One of the most profound seasons of growth I have experienced as a Christian was when I was being taught by a Rabbi.
I was a couple years into undergrad when I found myself with a few gaps in my schedule and extra time to add some electives. I was indecisive and classes were filling up fast so I kind of chose one at random. The first day of the semester, I sat down at my seat and watched as a middle-aged Cuban man wearing a yamaka walked into the classroom and wrote “Rabbi Viñas” on the chalkboard. I had no idea what I was in for.
Thus started one of the most interesting semesters I’ve ever had. The sheer irony of it, you know? A devoted Christian taking notes on the spiritual teachings of an equally devoted Jew. And it only took Rabbi Viñas about three minutes to figure out I was Christian because I pulled out my Bible to follow along when he started lecturing from Genesis.
To his credit, Rabbi Viñas had no complaints about my Bible.
He also had no complaints about my faith. Or my questions about his.
You see, friends, there is a strange phenomenon that happens in the early days of undergrad. You go in feeling pretty cocky, having freshly conquered high school and sometimes having graduated among the top of your class. And then you have your first university lecture by a professor who is the leading expert in his field and you start to wonder whether you’re as smart as you think you are. You have your first university exam and your fears are confirmed.
So somewhere along that first semester of college, you swallow down some pride and start wearing some humility. But I got lost in the process, you guys, and instead of humility, I got acquainted with passivity. And complacency. And a not-so-healthy dose of self-doubt. I stopped thinking for myself and began to blindly accept whatever my professors taught.
But put a Jesus-lover in a class about Judaism and rusted wheels start turning again. She starts to wonder if the words she hears really agree with the words written on her heart. The Sunday School lessons of her childhood return to her memory. New Testament covenants spill from her tongue.
She starts to question.
It’s been a few years since I graduated with a minor in Jewish Studies. I have a Torah with English translation running alongside the original Hebrew. Unfortunately, I can’t read any Hebrew. Or write it or speak it. Still, I have a deep appreciation for the history of the Jewish people. I embrace it as part of my own heritage because I am an adopted daughter of the King and a co-heir with Christ.
And in the most unexpected turn of events, I learned more than just Torah as a Jewish Studies student. I learned the Gospel.
You see, Christians sometimes get a bad rap for being less intellectual than non-Christians. And you guys, part of me believes there is truth to that. Perhaps we’ve put on this cloak of spiritual complacency and become content with letting the apologetics and the great theologians and the world-famous speakers study the Bible while we just sit back and listen.
I know I’m guilty of it. I spent a long time reading books and listening to sermons as I tried to figure out what I personally believed about Christianity. There’s nothing inherently wrong in doing so.
The problem arises when we start relying on everyone and everything else to tell us what our faith should be and start neglecting the Word of God. We’ve been given this invaluable resource that reveals to us the nature of God and what He desires for us. When we’re presented with different theologies and conflicting ideas, it is only this Bible that harbors the irrefutable truths of God. And the best way for me to know them is to read them for myself.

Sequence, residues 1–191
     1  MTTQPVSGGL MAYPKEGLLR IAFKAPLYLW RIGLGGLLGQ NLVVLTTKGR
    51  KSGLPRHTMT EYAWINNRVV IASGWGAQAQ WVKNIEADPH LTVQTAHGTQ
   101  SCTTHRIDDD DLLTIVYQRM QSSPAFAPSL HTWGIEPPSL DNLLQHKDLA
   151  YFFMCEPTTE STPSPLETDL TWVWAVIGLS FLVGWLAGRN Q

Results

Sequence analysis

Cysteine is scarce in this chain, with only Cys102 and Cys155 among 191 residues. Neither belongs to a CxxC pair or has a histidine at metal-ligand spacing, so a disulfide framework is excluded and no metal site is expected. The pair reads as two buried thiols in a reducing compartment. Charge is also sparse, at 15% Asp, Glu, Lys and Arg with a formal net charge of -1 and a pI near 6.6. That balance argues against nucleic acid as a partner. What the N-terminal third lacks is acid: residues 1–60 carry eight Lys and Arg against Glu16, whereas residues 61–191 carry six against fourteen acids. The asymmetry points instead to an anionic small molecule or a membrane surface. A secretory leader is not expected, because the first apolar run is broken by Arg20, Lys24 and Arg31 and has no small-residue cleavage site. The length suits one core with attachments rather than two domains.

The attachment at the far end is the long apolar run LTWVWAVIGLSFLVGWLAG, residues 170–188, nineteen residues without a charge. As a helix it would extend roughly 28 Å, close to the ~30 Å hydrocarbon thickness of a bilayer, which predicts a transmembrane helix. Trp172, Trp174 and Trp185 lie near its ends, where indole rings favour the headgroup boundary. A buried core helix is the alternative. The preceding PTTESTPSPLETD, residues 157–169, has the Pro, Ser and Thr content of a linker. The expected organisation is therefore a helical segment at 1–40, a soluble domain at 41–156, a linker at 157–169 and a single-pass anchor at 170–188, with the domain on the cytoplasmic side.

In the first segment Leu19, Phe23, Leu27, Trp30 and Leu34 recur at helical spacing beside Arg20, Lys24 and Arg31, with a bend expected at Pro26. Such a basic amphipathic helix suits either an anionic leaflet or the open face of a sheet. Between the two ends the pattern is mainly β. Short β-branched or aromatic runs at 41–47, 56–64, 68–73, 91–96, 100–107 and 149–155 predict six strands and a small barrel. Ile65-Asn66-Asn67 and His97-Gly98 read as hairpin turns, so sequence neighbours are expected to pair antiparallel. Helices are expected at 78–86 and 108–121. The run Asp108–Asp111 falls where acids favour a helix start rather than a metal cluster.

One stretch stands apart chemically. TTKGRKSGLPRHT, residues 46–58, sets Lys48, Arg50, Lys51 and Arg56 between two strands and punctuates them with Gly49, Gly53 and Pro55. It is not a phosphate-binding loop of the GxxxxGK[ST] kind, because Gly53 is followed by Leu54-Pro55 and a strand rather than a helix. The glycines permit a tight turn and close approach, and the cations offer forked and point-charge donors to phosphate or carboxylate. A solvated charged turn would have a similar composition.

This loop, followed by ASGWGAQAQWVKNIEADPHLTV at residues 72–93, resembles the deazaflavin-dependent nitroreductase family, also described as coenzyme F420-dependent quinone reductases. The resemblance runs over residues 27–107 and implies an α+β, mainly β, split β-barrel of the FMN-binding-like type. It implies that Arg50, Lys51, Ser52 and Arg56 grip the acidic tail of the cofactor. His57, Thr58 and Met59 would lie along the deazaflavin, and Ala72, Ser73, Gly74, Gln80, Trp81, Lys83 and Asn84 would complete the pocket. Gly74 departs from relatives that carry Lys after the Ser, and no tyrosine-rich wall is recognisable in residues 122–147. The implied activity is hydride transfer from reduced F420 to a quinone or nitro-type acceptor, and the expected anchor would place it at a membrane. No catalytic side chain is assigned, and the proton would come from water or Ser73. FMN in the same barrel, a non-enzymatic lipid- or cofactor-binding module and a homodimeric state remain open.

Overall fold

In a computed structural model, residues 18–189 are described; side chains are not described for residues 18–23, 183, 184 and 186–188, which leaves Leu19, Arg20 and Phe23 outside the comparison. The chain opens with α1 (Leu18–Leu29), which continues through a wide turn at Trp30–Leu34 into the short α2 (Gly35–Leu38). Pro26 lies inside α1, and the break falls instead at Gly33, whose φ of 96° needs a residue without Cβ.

Let’s be honest, though. Studying the Bible is hard, y’all. It can come off as repetitive on one page and contradictory on another. Some of those Old Testament laws seem outdated and I wonder if they really describe the God I know today, the God who is supposed to be unchanging. Then there are times when I read a portion and know there’s something I need to learn here, something that is relevant to my circumstance, but the essence of it evades me. There are parts of the Bible that have surprised me. And there are parts of the Bible that have broken my heart.
Yet of this I am sure: The truths I proclaim having wrestled with God are so much sweeter than the ones I have been spoon fed.
So maybe we need to start examining the words we hear. Maybe we need to stop accepting them as truth just because they come from someone with a fancier title than us. Maybe we need to stop believing people just because they’re New York Times best sellers. Maybe we need to stop trusting speakers just because they lead super trendy, super hipster mega-churches.
I know, I know. Shots fired. But you know what? The Jesus I read of in the Bible called the Pharisees a brood of vipers and warned against wolves dressed in sheep’s clothing.
Maybe part of being sure of what you believe is having the courage to call people out on their crap.
Jesus, the one they called Rabbi, used Judaism to teach me that.
Rabbi Viñas once gave us a reading on the Jewish traditions of sacrifice and told us to write a response paper for him. I was having a hard time with it so I sat with him after class and tried to talk it out. He listened to me for a few minutes and then asked, “What do you think of when you hear ‘sacrifice’?”
I paused for a moment and remembered a Gospel truth. “I think of a Lamb who was sacrificed for me. But more than that, I think of a veil torn in two. Jesus’ sacrifice means nothing separates me from God.”
Rabbi Viñas smiled and said, “Go. Write about this Jesus you know.”